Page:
Across the UK there is legislation to protect children from a range of bullying and cyberbullying behaviour, including:
- persistent harassment and intimidation – such as name calling and threats
- sending indecent, offensive, false or threatening communications.
Harassment and victimisation
In England, Scotland and Wales, the Equality Act 2010 protects the individual’s right to be safe from discrimination, harassment and victimisation.
In Northern Ireland, Section 75 of the Northern Ireland Act 1988 is the main anti-discrimination legislation and places public authorities including schools under a duty to promote equality of opportunity.
In England, Wales, and Scotland the Protection from Harassment Act 1997 prohibits repeated bullying that amounts to harassment.
In Northern Ireland, the Protection from Harassment (Northern Ireland) Order 1999 makes it illegal to behave in a way that amounts to harassment.
Throughout the UK, the Communications Act 2003 makes it an offence to make improper use of a public communications network. Section 127 specifically makes it an offence to send an electronic message that is grossly offensive or of an indecent, obscene or menacing character.
In England and Wales, the Malicious Communications Act 1988 makes it an offence to send a communication with the intention of causing distress or anxiety.
In Northern Ireland, the Malicious Communications (Northern Ireland) Order 1988 makes it an offence to send a communication with the intention of causing distress or anxiety.
In Scotland, breach of the peace common law may be used to prosecute any behaviour that causes fear or distress, including harassment and bullying (Scottish Government, 2013).
> Find out more about the legislation and guidance for online abuse
Schools’ duty to protect pupils from bullying
In England and Wales, under Section 89 of the Education and Inspections Act 2006, maintained schools must have a policy in place to encourage good behaviour and prevent all forms of bullying among pupils. This includes when pupils are not on school premises and are not being supervised by a member of school staff.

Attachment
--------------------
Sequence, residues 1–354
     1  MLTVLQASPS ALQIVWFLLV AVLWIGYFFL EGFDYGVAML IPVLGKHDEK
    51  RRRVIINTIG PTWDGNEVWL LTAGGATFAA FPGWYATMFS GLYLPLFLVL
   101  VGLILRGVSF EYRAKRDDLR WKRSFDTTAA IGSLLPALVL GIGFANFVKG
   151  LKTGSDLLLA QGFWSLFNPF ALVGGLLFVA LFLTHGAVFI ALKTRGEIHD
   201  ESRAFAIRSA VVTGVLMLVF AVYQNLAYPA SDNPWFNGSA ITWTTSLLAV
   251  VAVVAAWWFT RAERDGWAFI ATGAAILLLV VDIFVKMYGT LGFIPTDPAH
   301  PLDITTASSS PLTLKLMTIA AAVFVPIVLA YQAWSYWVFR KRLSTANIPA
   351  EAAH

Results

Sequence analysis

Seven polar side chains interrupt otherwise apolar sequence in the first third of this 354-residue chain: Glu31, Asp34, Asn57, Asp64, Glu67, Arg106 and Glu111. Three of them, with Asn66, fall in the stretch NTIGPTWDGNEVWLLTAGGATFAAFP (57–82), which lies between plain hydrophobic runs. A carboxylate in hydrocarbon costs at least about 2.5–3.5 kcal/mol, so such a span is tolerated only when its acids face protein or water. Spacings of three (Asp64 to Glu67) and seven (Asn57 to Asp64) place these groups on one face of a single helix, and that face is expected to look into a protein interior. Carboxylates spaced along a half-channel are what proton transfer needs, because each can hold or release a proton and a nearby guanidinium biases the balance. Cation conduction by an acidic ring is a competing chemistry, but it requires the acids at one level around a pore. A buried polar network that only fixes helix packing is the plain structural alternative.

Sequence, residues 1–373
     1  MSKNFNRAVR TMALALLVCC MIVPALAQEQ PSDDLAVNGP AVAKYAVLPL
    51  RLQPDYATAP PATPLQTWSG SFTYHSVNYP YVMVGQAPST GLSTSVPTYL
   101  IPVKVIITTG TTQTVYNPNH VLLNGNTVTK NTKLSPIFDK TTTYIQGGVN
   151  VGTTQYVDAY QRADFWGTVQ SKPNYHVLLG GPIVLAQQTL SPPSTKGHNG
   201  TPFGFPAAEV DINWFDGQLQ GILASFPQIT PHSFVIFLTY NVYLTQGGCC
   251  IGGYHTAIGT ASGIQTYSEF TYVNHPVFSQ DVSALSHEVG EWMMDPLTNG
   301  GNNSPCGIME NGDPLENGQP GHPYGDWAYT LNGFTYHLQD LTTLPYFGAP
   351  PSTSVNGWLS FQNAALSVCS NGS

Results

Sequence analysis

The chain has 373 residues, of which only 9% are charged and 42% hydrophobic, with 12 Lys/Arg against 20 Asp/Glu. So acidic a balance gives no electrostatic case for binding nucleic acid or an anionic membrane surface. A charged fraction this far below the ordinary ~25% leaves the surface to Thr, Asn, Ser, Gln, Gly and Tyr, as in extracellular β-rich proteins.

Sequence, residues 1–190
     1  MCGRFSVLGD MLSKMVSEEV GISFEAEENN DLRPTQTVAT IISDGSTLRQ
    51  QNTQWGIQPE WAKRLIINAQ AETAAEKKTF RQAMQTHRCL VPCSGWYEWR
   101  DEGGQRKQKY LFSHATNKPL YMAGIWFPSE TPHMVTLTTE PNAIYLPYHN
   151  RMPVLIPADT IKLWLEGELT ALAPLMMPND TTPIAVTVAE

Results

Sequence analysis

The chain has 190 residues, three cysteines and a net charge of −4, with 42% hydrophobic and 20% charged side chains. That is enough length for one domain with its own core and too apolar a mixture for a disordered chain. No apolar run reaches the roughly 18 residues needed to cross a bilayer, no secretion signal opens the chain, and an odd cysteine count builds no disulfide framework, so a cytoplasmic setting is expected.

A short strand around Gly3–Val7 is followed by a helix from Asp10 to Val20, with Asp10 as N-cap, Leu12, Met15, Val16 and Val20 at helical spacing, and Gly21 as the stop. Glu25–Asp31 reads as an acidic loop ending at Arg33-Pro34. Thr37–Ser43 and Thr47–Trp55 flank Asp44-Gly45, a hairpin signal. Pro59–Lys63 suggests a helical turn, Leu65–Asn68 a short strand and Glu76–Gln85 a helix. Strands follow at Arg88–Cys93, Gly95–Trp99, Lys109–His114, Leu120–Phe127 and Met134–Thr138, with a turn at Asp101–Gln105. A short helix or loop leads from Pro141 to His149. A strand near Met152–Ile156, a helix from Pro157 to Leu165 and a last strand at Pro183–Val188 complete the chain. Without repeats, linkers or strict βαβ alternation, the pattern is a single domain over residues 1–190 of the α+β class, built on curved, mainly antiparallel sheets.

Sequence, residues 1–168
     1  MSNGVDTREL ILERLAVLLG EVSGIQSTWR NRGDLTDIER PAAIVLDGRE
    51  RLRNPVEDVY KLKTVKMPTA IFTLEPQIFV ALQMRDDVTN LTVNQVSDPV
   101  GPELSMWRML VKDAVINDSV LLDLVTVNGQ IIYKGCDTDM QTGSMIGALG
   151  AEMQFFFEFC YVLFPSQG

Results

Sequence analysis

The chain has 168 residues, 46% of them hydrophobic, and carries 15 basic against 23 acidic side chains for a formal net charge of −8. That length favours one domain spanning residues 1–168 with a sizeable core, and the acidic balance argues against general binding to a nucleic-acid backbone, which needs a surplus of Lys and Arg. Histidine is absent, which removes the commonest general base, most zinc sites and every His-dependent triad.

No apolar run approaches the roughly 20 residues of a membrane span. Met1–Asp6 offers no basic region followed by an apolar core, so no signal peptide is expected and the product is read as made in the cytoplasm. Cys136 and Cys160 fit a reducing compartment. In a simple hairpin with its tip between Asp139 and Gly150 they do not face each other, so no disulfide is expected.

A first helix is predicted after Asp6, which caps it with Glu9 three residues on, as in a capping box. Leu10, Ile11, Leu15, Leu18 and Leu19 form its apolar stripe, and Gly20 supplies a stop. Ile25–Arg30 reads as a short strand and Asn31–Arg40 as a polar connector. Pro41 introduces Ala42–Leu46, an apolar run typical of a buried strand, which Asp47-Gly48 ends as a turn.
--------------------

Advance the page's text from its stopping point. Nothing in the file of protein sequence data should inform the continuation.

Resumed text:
The Independent School Standards (England) (Amendment) Regulations 2012 requires academies and other types of independent schools to have an anti-bullying strategy in place.
In Northern Ireland, under the Education and Libraries (Northern Ireland) Order 2003, all grant-aided schools are required to have an anti-bullying policy in place that includes measures to prevent all forms of bullying among pupils.
In Scotland, under the Schools (Health Promotion and Nutrition) (Scotland) Act 2007, schools are required to be ‘health promoting’. This includes promoting children’s mental, emotional, social and physical health and wellbeing. The Education (Additional Support for Learning) (Scotland) Act 2004 provides for support for children and young people who face barriers to learning – which can include additional support needs due to bullying.
In England and Wales, Section 89 of the Education and Inspections Act 2006 gives head teachers of state schools the power to discipline students for bullying incidents that occur outside of school.
Across the UK, statutory guidance highlights the responsibility of those in the education, community and care sectors to safeguard children from all forms of abuse and neglect including bullying and cyberbullying. Find out more about child protection legislation and guidance in:
Guidance for schools
The Equality Act 2010 and schools (PDF) is a guide for school leaders, school staff, governing bodies and local authorities in England, Scotland and Wales on understanding their duties under the Equality Act (Department for Education, 2014a).